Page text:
Fitzgerald had been in London when William Collins brought out This Side of Paradise in May 1921 and had told an editor friend that the book was "having a checkered career in England." The Manchester Guardian dismissively concluded: "But what people! What a set! They are well lost." And the Times Literary Supplement disagreed with the American critics who had found the novel original and exuberant. Setting the critical tone for the next twenty years, its anonymous reviewer rejected the novel as trivial, unconvincing and "rather tiresome; its values are less human than literary, and its characters … with hardly an exception, a set of exasperating poseurs, whose conversation, devoted largely to minute self-analysis, is artificial beyond belief."31 The novel, which had required twelve printings and sold 49,000 copies during its first year in America, bombed in England with a sale of only 700.
Flappers and Philosophers, The Beautiful and Damned and Tales of the Jazz Age, also published by Collins, did not receive serious critical attention. When Scribner's sent Fitzgerald's masterpiece, The Great Gatsby, to Collins, he invented a rather absurd reason to reject an author whose books had been losing money for the firm. "We do not at all like to part with Scott Fitzgerald, but we feel very strongly that to publish The Great Gatsby would be to reduce the number of his readers rather than to increase them," he explained to Perkins, who passed the bad news on to Fitzgerald in October 1925. "The point is, that the atmosphere of the book is extraordinarily foreign to the English reader, and he simply would not believe in it, and therefore I am regretfully returning it to you." Fitzgerald justly complained that the publisher had rejected his serious and encouraged his frivolous work: "Collins never believed in me. (He always wanted me to write [another] 'Offshore Pirate.') I know my public in England is small-but I have had enough enthusiastic letters to know it exists." Though Chatto & Windus published The Great Gatsby in 1926, his last two collections of stories, All the Sad Young Men and Taps at Reveille, have never appeared in England.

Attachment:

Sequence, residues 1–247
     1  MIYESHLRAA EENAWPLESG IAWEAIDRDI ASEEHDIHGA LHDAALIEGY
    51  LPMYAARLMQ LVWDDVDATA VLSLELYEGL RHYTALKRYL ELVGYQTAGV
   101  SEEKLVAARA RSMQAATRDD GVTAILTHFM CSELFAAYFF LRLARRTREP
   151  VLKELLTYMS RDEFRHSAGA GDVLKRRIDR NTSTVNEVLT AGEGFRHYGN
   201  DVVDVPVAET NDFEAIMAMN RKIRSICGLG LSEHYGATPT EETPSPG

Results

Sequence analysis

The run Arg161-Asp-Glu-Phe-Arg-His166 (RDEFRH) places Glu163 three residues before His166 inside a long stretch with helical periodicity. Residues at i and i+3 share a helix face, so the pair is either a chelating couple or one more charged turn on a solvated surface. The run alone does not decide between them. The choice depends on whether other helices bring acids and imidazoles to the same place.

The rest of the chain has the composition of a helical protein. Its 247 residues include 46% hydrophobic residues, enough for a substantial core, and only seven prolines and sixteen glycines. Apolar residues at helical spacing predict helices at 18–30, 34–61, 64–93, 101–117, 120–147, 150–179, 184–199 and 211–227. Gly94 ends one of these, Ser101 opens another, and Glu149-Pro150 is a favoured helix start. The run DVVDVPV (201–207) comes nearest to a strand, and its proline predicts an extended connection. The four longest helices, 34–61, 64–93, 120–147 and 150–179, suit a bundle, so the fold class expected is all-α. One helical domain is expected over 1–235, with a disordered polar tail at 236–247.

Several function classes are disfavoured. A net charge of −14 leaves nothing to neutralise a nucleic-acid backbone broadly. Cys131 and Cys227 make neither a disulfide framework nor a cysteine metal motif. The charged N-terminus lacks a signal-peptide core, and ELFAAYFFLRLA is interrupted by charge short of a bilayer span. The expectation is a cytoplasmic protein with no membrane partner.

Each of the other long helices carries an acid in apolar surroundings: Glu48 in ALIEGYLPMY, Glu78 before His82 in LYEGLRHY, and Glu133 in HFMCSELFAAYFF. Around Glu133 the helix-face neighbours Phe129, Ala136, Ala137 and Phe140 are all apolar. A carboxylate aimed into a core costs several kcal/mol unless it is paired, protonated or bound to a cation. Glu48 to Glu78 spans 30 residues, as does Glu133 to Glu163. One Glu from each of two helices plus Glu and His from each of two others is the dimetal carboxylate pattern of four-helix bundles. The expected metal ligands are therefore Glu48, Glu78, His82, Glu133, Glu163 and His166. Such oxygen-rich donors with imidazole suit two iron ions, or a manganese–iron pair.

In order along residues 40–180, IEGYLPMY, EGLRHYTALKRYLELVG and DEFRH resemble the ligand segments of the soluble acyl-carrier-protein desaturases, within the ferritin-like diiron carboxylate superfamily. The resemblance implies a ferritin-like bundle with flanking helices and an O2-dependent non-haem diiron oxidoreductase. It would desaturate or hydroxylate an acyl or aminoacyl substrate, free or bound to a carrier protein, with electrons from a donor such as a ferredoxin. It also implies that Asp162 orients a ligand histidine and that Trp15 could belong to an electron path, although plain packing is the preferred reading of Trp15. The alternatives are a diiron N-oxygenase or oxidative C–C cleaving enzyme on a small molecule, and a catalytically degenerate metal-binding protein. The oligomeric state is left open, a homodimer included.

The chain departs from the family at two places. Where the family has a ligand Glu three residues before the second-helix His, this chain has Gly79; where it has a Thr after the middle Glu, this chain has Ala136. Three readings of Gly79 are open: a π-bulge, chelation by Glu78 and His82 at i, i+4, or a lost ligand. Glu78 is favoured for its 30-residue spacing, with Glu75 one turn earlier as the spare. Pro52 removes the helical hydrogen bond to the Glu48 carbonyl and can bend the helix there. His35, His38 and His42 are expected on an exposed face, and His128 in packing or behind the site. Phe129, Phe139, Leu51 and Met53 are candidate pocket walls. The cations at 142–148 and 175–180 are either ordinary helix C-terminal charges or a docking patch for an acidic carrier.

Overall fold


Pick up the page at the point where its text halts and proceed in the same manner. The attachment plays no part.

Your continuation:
The Great Gatsby received excellent notices from two American critics, Gilbert Seldes and Conrad Aiken, in T. S. Eliot's magazine, The Criterion. Eliot himself, an editor at Faber, had been enthusiastic about the novel and hoped his firm would publish it. But the English reviewers were much less keen. The Times Literary Supplement acknowledged that it was "undoubtedly a work of art and of great promise"-though its promise had surely been fulfilled-but complained about the unpleasantness of the characters. And the novelist L. P. Hartley offered a condescending admonition: "Mr. Scott Fitzgerald deserves a good shaking. Here is an unmistakable talent unashamed of making itself a motley to the view. The Great Gatsby is an absurd story, whether considered as romance, melodrama, or plain record of New York high life." Fitzgerald, perhaps unduly touchy, as he had been with Swinnerton, continued to feel that Chatto & Windus was snubbing him. In January 1930 he complained to Perkins about a commonplace business reply: "they answered a letter of mine on the publication of [The Great Gatsby] with the signature (Chatto & Windus, per Q), undoubtedly an English method of showing real interest in one's work."32 Though Fitzgerald admired Oxford, which had played a prominent role in The Great Gatsby, he lost interest in England after Collins dropped him. He never returned there after his second visit and was consistently hostile to the English in his work.